The sesame plant materials used in this study were the homozygous RGMS line D248A and its heterozygous fertile maintainer line D248B, which were bred from a spontaneous male sterile mutant discovered in cultivar Zhuzhi 4 through consecutive sib-mating between segregated sterile and fertile plants. A preliminary genetic study has shown that it was controlled by a single recessive gene ms [11]. Sterile D248A (genotype msms) was maintained by sib-mating with fertile D248B (Msms) for more than 9 generations. Except for pollen fertility, D248A and D248B were almost identical thus can be regarded as near isogenic lines (NILs). All plants were grown in the experimental farm at the Oil Crops Research Institute, the Chinese Academy of Agricultural Sciences, Wuhan, China (113′53″ E, 29′58″ N). Field management followed the normal practical procedures during the growth season (from May to October). The fertility of the plants was initially determined by naked eye at early flowering stage in the field, and then further examined in the laboratory at full blossom stage.

Pollen fertility investigation

To characterize the pollen fertility of D248A reliably, we used three complementary methods, namely acetate magenta staining, FDA (fluorescein diacetate) staining, and semisolid suspension medium cultivation. At full-blossom stage, pollen grains were collected from dehiscent flowers of ten D248A plants and ten D248B plants in the morning (6:00–7:00), spread onto slides and stained by 1.0 g/L acetocarmine for 2 min or by FDA for 5 min at room temperature, and then carefully examined under light microscope (OLYMPUS, BX-61) or fluorescence microscope (Leica DMi8 Fluorescence Imaging System), respectively, as described before [28]. A microprojector was used to determine pollen stainability percentage at ×200 magnification. Fields of 30–40 well separated grains were classified, with three replicates. Individual plants were recorded as either fertile or male sterile, based on pollen stainability. Fully developed, red-stained (detected by acetocarmine) or strong fluorescent-emitting (detected by FDA) pollen grains were classified as fertile, while shriveled, unstained or lightly stained, weak fluorescent-emitting pollen grains were scored as sterile.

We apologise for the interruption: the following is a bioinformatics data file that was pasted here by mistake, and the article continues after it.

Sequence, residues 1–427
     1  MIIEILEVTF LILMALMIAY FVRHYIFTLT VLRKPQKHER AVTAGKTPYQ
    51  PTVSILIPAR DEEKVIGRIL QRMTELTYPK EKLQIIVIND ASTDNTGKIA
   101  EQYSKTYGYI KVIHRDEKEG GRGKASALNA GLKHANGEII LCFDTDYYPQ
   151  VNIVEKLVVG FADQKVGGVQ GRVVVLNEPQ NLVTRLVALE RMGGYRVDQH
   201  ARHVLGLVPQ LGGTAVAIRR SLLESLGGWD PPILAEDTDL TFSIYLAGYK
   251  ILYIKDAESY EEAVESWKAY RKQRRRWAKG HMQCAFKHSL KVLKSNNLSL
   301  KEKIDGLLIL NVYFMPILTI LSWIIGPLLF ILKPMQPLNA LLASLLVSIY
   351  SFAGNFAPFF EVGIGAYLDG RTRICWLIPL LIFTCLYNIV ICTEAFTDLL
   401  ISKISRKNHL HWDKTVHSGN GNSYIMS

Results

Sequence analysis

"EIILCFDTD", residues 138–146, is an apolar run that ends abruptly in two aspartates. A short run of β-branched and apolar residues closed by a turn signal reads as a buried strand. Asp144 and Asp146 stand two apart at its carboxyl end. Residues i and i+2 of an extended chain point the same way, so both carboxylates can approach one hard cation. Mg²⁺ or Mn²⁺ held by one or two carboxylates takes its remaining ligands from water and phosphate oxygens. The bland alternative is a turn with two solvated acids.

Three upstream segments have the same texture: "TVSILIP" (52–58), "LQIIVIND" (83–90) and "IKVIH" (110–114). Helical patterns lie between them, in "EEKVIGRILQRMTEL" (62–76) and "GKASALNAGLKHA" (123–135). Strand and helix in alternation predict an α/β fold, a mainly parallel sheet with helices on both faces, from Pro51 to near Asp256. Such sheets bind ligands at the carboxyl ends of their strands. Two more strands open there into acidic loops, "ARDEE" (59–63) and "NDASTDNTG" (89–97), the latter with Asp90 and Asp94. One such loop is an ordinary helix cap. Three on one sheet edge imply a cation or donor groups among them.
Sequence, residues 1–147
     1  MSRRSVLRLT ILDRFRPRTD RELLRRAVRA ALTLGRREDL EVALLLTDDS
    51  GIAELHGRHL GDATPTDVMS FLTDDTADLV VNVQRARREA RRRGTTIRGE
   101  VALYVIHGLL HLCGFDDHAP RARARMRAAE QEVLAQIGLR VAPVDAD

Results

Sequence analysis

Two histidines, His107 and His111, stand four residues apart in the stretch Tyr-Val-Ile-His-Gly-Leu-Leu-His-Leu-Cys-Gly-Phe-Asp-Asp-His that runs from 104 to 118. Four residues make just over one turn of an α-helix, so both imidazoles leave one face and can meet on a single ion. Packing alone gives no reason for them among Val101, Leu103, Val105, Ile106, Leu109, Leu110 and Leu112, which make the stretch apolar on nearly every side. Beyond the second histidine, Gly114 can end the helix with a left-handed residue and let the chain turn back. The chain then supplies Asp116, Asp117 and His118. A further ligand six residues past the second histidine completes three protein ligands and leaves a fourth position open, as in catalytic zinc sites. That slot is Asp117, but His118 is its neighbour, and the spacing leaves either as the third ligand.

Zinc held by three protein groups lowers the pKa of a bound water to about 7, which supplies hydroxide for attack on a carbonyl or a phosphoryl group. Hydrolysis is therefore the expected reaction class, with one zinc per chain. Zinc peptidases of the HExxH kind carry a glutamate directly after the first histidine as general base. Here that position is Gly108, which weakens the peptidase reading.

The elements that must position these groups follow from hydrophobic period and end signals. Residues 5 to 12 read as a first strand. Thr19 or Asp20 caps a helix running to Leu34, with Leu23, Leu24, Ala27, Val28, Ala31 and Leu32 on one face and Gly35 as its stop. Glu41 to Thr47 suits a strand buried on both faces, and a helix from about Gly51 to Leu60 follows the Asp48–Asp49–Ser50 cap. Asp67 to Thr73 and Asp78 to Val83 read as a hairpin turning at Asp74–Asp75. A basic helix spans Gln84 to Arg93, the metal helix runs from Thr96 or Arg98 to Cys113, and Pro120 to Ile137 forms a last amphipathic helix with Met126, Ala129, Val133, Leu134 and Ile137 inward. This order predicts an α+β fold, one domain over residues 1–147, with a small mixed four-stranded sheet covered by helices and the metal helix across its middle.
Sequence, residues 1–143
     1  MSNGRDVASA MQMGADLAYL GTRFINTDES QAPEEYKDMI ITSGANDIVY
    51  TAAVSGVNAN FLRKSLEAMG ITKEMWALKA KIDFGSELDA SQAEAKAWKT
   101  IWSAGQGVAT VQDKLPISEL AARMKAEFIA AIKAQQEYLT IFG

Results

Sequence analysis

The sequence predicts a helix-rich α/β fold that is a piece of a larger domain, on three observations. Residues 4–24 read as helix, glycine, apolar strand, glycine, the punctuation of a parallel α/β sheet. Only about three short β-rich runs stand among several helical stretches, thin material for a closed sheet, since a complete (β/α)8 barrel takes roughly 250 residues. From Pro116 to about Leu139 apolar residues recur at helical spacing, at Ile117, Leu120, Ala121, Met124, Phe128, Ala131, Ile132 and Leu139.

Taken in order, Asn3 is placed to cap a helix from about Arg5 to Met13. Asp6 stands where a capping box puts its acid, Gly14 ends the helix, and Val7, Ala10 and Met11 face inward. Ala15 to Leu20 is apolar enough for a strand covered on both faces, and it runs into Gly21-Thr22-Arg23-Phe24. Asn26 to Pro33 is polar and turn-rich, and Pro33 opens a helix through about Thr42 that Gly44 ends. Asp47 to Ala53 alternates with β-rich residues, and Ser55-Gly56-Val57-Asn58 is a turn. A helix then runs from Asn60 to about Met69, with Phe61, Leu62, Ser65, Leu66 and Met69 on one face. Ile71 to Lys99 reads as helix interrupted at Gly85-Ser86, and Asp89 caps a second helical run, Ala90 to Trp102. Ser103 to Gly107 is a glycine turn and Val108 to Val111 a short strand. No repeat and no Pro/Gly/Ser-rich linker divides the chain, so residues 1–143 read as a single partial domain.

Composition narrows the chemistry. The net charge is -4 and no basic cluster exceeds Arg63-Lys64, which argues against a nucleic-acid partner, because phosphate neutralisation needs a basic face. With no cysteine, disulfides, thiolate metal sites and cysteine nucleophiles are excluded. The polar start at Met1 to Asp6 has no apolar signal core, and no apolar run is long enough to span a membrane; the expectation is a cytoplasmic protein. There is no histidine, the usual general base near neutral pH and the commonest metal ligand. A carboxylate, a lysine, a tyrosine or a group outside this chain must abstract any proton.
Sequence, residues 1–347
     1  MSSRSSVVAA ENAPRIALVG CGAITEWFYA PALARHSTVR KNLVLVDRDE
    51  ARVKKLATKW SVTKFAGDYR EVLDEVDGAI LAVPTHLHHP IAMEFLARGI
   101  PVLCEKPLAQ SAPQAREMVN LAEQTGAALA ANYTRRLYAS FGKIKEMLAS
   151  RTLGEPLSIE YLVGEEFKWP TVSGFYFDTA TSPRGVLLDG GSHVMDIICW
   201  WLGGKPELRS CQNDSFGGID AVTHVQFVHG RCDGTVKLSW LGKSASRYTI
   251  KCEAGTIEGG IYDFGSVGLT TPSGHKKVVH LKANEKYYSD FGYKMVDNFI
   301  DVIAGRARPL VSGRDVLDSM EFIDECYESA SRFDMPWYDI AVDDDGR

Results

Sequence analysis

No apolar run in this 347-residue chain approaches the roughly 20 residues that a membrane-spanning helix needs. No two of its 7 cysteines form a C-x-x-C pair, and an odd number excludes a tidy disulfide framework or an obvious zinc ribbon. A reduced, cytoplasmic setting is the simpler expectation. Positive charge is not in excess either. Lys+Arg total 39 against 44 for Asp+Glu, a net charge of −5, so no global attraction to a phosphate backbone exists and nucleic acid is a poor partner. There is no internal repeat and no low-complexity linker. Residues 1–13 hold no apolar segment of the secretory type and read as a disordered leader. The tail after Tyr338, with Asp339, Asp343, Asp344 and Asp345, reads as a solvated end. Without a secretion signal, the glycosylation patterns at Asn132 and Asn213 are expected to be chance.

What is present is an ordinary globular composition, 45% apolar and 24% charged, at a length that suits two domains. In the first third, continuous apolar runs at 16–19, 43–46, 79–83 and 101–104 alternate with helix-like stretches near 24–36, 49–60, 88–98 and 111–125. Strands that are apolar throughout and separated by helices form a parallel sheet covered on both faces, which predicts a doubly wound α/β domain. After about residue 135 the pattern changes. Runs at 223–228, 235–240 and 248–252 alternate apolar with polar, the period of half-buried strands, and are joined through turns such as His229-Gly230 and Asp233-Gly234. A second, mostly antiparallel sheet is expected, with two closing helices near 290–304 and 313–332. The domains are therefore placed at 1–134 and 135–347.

Pollen germination on semisolid suspension medium was carried out as previously described [11,29]. In brief, semisolid suspension medium was prepared by mixing 10% (w/v) sucrose (C12H22O11), 0.4% (w/v) purified agar, 0.1% (w/v) calcium nitrate [Ca(NO3)2·4H2O], 0.01% (w/v) boric acid (H3BO3) and adjusted to pH 7.0 with 0.1 mol/L potassium hydroxide (KOH) solution. The medium was autoclaved, poured into 9-cm petri dishes, cooled down to room temperature and covered to prevent evaporation for overnight before use. Pollen grains from each genotype were inoculated on this medium for 60 min at room temperature before examining pollen viability under microscope. Three counts of 100 grains were carried out after inoculation. Average pollen germination rate was calculated from all counts for a line.

Paraffin sectioning.

Based on previous research, the development process of sesame anther could be tentatively divided into 5 stages, i.e. sporogonium stage (with the bud size <2 mm), microspore mother cell (MMC) stage (bud size 2–3 mm), tetrads stage (bud size 3–5 mm), microspore stage (bud size 5–25 mm) and mature pollen stage (bud size >25 mm), respectively [11]. When flowering, buds at five developmental stages, according to their bud sizes, were collected from D248A and D248B plants and immediately fixed in FAA solution (90 ml 70% alcohol, 5 ml acetic acid, 5 ml formalin) for over 24 h. Buds were vacuumed to eliminate any air inside samples, stained with Love’s hematoxylin or safranin O-fast green, sliced into 5-μm-thick sections and then mounted onto slides with neutral gum. Stained sections were observed and photographed with light microscope (OLYMUS BX-61, Japan).